“Instead of being an object of privileged vision, the balloon was necessarily the visual property of everyone in the crowd. On the ground it was still, to some extent, an aristocratic spectacle; in the air it became democratic…The sense that they [the crowd] were witnessing a liberating event – an augury of a free-floating future – gave them a kind of temporary fellowship in the open air…These conditions ensured the success of a way of thinking that reflected an oversimplified alienation in the guise of a ‘critique of the consumer society’.” (Dessauce, 1999, pg.23/38)
I’ve begun to think a lot more on how I could design the museum within the city fabric and also how would it occupy space. Been reading up on The Inflatable Moment: Pneumatics and Protest in ’68 (https://books.google.co.uk/books?id=pGzZYJd4BmwC&pg=PT113&lpg=PT113&dq=The+inflatable+moment:+pneumatics+and+protest+in+%2768&source=bl&ots=LgqmAVvdJH&sig=1josLb5-NzDqcvyyzePLmrsFBVc&hl=en&sa=X&ved=0ahUKEwiN3diZ0ILLAhUG1XIKHa4CBXIQ6AEIKjAC#v=onepage&q&f=false), and in the book the writers discuss the means of occupying air and how does it challenge conventional thinking in architecture. It also ties in with the political student protests in Europe and the USA in 1968. I like how they described the inflatable structures as a way to avoid architecture or to be against it. There is a sense of defiance here that could tie back to my project on the eternal parade; resisting death. I began to think how I could inject my museum into the city and in a way defy the current city vitrine as the constraint for the architecture. I started to look at some examples of projects like :
Anish Kapoor’s project in Paris (http://www.fastcodesign.com/1663828/in-paris-anish-kapoor-unveils-giant-rubber-balls-you-can-walk-in).
And the Red Ball Project by Kurt Perschke (http://redballproject.com/).
I’ve been figuring out a way to redesign the shrine/death monument and am thinking of an initial programme to have the eternal parade as a pilgrimage through the established parade route (including points of preparation in New Jersey and the Inflation party in front of the Natural History Museum) that ends in Macy’s Herald Square as the Mecca of Consumerism. I was initially thinking, along the route, to have the shrines at every possible Macy’s outlet as a contradictory critique on consumerism but after researching, I found out that the Herald Square HQ is the only store on the island.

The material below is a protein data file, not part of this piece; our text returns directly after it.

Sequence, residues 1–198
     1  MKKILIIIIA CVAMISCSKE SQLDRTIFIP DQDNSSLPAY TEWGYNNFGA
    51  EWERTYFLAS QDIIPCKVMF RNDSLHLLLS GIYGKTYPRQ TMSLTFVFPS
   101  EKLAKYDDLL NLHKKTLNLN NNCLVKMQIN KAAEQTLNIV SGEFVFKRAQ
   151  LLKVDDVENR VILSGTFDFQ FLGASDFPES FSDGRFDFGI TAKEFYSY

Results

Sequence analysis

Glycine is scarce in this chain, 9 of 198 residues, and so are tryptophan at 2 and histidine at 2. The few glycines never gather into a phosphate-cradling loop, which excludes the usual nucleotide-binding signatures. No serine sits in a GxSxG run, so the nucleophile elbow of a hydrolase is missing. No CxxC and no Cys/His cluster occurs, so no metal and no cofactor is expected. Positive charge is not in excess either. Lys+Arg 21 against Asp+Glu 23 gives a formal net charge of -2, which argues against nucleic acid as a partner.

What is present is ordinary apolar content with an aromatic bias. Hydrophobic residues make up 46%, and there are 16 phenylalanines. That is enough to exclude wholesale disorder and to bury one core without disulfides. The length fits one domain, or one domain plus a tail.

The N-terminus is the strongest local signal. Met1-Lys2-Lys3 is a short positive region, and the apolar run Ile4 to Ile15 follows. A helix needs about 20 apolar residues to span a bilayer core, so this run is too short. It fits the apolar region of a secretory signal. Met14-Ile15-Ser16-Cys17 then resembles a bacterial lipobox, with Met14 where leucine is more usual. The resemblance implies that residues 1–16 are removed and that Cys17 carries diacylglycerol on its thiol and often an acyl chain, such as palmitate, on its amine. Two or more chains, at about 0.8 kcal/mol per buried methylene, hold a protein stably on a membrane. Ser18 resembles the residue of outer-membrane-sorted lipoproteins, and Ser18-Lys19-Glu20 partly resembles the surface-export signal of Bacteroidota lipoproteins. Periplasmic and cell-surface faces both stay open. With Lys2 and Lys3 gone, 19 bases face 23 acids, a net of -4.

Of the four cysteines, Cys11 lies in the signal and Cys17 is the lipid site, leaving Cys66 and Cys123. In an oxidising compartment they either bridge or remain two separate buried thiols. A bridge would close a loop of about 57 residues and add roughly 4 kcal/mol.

As for the model, I am experimenting with broken balloon and plastic pieces to create a structural form (http://seansaidplay.blogspot.co.uk/2007/08/how-to-make-giant-inflatable-walrus.html). During the crit in Week 1, Helen mentioned about creating a new form of structure from broken pieces of parade balloons and I think that is an interesting idea to push the project, however my model has not been successful so far. I am planning to construct pieces of inflatable chambers based on this 3D model that I did.
Another method of modelling I am looking at is to create pressed layers of broken balloon pieces together and to dissect them like Jorge’s research on subway paint layers. I am not quite sure what I want to achieve with the model but I am trying to play around to see what these processes could inform on the project.
Till then x